In U.S. Pat. No. 4,553,148, there is disclosed an exposure device comprising one straight row of light-emitting elements disposed with fixed spacing b between them in one plane. In this case the LED's are disposed in a straight row to image, by means of a Selfoc array, onto a moving photoconductor. In order to increase the light Yield, the LED's are constructed in the form of elongate rectangles or parallelograms. By disposing a cylindrical lens between the row of LED's and the photoconductor, the elongate LED's are imaged as small squares or diamonds.
A disadvantage of these known devices is that the light distribution on the photosensitive medium as considered in the direction of the row is not equal, and between two image dots there is a zone where there is distinctly less light. To enable the photoconductor to be exposed at these places too, the total light level has to be increased, e.g. by increasing the LED's energization current, and this increases the heat development and reduces the LED life.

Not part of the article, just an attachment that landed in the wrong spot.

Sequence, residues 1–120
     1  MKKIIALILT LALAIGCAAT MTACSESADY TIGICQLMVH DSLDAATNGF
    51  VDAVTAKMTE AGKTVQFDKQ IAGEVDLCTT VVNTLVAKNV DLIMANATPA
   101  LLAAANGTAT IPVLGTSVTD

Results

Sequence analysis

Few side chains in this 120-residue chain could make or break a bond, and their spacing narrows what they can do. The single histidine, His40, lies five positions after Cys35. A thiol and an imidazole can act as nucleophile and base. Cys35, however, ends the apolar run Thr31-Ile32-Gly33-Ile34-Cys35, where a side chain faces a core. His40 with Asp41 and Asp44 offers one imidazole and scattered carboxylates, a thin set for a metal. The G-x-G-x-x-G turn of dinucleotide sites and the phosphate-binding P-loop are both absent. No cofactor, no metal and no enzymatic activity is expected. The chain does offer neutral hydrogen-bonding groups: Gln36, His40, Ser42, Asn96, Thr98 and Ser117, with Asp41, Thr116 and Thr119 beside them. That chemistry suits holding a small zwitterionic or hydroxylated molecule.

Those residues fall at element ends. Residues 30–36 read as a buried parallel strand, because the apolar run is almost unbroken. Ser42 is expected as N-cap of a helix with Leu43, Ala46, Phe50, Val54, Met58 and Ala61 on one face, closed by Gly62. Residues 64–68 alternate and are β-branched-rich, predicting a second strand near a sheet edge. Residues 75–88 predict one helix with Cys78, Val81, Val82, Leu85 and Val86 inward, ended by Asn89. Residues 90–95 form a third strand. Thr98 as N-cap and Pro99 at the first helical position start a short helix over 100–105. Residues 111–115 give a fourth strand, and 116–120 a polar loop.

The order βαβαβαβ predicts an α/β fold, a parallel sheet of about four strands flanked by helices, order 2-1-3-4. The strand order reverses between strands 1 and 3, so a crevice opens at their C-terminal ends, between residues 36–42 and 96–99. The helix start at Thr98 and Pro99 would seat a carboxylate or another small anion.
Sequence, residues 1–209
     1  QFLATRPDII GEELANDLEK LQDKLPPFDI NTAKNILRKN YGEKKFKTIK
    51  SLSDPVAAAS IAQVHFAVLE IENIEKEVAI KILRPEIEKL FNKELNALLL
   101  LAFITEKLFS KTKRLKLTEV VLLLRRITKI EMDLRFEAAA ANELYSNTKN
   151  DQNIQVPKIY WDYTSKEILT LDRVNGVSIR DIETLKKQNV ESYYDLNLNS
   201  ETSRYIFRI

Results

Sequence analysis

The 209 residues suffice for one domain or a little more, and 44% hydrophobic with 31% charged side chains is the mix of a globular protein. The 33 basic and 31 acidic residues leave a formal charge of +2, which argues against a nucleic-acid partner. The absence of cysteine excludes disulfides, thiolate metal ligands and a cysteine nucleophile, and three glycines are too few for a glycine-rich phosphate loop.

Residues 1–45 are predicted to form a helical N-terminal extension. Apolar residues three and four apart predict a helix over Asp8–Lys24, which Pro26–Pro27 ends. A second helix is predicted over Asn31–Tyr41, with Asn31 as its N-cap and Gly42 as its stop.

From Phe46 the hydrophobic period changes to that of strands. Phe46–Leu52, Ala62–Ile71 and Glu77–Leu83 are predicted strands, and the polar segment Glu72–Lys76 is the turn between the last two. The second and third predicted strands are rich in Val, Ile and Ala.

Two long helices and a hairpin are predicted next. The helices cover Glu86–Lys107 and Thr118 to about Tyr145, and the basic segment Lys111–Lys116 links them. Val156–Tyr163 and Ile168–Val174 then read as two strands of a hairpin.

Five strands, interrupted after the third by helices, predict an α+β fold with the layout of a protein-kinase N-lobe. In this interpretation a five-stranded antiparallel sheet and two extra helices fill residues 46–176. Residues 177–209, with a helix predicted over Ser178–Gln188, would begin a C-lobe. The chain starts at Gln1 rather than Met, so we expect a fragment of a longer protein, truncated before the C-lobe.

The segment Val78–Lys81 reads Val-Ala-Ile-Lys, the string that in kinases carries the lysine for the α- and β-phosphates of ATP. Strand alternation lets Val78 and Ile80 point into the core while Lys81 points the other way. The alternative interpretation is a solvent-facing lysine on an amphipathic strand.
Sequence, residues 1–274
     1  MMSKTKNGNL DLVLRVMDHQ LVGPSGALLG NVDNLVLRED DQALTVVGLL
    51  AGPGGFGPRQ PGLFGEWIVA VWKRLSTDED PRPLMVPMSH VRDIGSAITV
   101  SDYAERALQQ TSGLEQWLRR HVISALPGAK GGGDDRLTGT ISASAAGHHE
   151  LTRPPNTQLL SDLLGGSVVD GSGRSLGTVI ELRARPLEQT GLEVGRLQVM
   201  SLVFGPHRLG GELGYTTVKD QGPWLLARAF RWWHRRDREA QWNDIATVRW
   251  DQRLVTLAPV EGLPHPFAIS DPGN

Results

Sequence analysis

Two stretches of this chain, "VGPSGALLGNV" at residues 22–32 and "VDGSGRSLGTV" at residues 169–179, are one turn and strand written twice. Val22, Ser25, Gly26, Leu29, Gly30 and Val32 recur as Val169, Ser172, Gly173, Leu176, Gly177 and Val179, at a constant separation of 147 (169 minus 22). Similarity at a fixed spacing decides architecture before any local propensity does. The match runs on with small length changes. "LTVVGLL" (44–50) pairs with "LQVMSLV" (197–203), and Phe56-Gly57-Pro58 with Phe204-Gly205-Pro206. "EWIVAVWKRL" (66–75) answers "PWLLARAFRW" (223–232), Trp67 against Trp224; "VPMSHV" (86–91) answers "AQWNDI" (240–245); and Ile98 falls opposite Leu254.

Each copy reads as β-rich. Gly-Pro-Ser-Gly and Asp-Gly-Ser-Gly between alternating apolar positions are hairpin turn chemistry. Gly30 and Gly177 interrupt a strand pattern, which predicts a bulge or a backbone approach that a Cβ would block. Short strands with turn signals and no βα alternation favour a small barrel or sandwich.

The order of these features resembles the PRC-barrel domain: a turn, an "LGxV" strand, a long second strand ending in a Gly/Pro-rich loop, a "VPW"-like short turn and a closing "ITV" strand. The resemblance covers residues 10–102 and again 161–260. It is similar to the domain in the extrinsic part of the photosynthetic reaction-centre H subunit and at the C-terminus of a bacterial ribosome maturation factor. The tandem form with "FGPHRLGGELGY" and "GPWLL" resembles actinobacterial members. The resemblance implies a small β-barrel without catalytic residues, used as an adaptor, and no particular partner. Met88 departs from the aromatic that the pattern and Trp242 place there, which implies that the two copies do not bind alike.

Accordingly, it is an object of the present invention to provide a means for achieving a uniform exposure using a single row of light-emitting elements.
Generally, the present invention overcomes the disadvantages normally inherent in single row LED sources (LED'S). According to the invention the disadvantages of the prior art are overcome by means of an exposure device, in which all arbitrary imaginary strips of equal width situated in the plane of the photoconductor and extending perpendicularly to the row always contain an equally large area that is exposed by the light-emitting elements or LED'S. This is achieved by means of an energization device for energizing the light-emitting elements in such manner that each zone of the photoconductor receives exactly the same amount of light in the exposed areas.